Bushey Hall Golf Club

Golf Lessons at Bushey Hall Golf Club

About Bushey Hall Golf Club

Golf Lessons at Bushey Hall Golf Club

Golf Swing Tips

To improve your golf game, it’s vital that you take golf lessons. Golf is a sport that is almost impossible to learn without some sort of guidance. Luckily, there are golf experts around the country whose job it is to teach golf. By taking golf lessons, you can drastically improve your game in a relatively short amount of time. Taking golf lessons can be an expensive, time-consuming effort. And like any good or service that will cost money and require time, you should be careful before you buy.  Golf can be a really costly game to play and it is reasonable to assume that you have invested a fair amount of money in your equipment – golf clubs, golf bag, golf balls, golf clothing, golf cart etc; – therefore doesn’t it make common sense for you to learn how to use them to their advantage and improve your skills and capabilities?

Visit Bushey Hall Golf Club for golf lessons and other info. on golf.

Bushey Hall Golf Club

Bushey Hall Golf Club, a long-established golf course set in 120 acres of mature wood and parkland in the centre of Hertfordshire. Pristine in its modern presentation, yet steeped in history as the oldest Club in Hertfordshire. Bushey Hall Golf Club has seen many changes in its 100 years of golfing excellence.The impressive timbered frames of the current clubhouse are listed, to preserve their character and heritage. The manicured gardens and terrace area overlook the impressive water feature by the eighteenth and down the fairway through ancient oaks and rolling terrain that make golf here such a pleasure.Situated just a short drive from the M25 and M1 motorways, this 18 Hole, 6,055 yard, Par 69 is easily accessed, yet remains a peaceful oasis for golfers who enjoy the seclusion and challenge of a great day’s golf.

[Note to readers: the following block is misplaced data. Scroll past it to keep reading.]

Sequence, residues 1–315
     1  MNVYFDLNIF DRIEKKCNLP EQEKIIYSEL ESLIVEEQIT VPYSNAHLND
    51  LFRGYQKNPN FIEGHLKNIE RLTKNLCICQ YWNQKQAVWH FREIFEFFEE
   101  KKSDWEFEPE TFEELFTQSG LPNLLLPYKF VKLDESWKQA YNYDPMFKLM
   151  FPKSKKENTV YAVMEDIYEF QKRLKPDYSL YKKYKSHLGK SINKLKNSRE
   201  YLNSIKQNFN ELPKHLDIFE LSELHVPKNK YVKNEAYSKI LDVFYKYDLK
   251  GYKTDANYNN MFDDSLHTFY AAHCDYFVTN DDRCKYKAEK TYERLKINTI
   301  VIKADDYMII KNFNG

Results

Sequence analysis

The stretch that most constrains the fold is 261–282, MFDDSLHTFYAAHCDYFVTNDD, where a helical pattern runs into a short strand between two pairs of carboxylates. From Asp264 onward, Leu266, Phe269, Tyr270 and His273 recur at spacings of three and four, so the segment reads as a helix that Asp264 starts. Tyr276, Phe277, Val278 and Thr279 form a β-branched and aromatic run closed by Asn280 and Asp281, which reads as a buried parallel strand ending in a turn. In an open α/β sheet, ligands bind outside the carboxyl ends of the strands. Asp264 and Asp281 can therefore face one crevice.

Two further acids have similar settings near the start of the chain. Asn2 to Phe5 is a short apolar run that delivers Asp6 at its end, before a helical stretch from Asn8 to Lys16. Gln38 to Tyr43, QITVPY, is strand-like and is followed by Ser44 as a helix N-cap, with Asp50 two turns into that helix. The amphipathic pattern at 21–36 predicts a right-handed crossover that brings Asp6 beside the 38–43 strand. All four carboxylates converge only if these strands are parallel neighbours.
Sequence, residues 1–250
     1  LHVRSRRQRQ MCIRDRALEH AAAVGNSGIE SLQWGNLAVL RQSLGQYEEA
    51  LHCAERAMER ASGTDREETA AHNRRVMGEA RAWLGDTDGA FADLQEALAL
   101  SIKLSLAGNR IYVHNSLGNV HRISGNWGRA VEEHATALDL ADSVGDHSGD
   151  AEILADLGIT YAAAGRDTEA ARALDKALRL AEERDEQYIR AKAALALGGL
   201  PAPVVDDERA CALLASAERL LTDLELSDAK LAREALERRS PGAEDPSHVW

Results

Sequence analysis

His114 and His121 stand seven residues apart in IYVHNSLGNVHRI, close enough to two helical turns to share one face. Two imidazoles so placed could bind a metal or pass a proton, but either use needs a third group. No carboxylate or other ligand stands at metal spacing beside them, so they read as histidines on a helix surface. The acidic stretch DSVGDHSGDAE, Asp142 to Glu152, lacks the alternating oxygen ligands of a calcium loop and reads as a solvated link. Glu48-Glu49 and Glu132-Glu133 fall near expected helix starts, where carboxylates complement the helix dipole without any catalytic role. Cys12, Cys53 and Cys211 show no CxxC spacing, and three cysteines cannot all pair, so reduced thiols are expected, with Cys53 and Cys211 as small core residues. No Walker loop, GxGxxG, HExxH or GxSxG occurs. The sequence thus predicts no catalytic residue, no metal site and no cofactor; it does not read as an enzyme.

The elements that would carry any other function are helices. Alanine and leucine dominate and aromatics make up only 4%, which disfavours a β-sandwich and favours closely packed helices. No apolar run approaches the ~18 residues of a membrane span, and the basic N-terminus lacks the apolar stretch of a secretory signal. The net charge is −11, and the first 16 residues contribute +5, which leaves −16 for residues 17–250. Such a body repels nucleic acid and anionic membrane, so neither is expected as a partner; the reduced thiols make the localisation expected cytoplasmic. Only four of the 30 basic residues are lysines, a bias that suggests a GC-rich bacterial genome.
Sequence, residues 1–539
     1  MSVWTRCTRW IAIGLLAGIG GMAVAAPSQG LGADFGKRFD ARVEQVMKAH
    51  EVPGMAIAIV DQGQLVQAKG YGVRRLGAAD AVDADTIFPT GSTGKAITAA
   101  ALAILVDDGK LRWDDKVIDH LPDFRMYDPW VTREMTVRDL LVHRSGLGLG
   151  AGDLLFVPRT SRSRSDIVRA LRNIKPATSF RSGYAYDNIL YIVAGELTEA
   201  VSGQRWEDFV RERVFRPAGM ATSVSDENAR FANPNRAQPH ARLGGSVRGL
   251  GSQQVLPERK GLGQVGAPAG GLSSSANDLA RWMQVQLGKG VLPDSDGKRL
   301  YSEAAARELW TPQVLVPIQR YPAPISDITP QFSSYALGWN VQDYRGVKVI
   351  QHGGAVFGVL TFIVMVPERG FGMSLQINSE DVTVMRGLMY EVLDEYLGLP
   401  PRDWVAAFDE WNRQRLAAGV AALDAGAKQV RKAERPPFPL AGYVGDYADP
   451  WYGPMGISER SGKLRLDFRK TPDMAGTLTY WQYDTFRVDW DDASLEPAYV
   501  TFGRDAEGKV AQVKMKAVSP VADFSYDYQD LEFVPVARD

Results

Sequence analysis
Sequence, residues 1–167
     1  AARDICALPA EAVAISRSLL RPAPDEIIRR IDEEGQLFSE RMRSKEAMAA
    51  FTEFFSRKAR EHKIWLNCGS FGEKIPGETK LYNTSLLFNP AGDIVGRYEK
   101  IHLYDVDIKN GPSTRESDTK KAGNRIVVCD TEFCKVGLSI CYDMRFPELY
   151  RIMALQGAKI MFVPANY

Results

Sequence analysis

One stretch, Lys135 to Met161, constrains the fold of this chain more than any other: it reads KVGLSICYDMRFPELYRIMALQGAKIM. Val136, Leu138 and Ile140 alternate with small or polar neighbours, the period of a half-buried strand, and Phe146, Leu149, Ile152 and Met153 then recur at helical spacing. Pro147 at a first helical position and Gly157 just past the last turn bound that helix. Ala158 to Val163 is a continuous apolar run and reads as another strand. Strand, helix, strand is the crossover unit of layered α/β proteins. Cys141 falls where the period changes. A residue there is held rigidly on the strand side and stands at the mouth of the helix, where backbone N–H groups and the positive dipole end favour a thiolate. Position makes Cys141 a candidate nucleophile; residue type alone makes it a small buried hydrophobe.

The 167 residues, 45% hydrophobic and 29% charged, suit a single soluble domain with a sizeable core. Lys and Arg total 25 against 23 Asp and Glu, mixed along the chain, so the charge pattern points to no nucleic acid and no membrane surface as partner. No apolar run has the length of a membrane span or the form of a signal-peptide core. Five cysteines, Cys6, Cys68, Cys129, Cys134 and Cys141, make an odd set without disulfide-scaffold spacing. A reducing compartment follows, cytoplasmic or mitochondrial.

Bushey Hall Golf Club

Dave Pelz’s Putting Bible – golf’s least understood skill.

Extract from the book:

Don ‘t let this happen to you. Use your indoor practice time to turn your stroke mechanics into habit controlled automatically by your subconscious mind. Once this happens you are free from having to think about them before and during each putt on the course. That time can then be used for focusing on the feel and look of the size of your practice stroke as you judge its appropriateness for the upcoming putt. Once you feel and see what you believe to be the perfect practice stroke you have eight seconds to step up to the ball and stroke it exactly that way. Within that eight seconds you still have a vivid memory in your mind’s eye of how your “preview stroke” looks and feels so that’s how much time you have to do it again with the only difference that this time there happens to be a ball just ahead of the bottom of the stroke arc.

Putting within eight seconds of your last perfect practice stroke is not hard to do. Force yourself to make it a habit. This will not only help you develop better feel and touch for distance but will make putting under pressure easier because thinking is taken out of the equation.

Great putters don’t think their way through great putting strokes. Great putters make great strokes out of habit while they focus on the feel and size of the stroke they need to make.

5.7 Attitude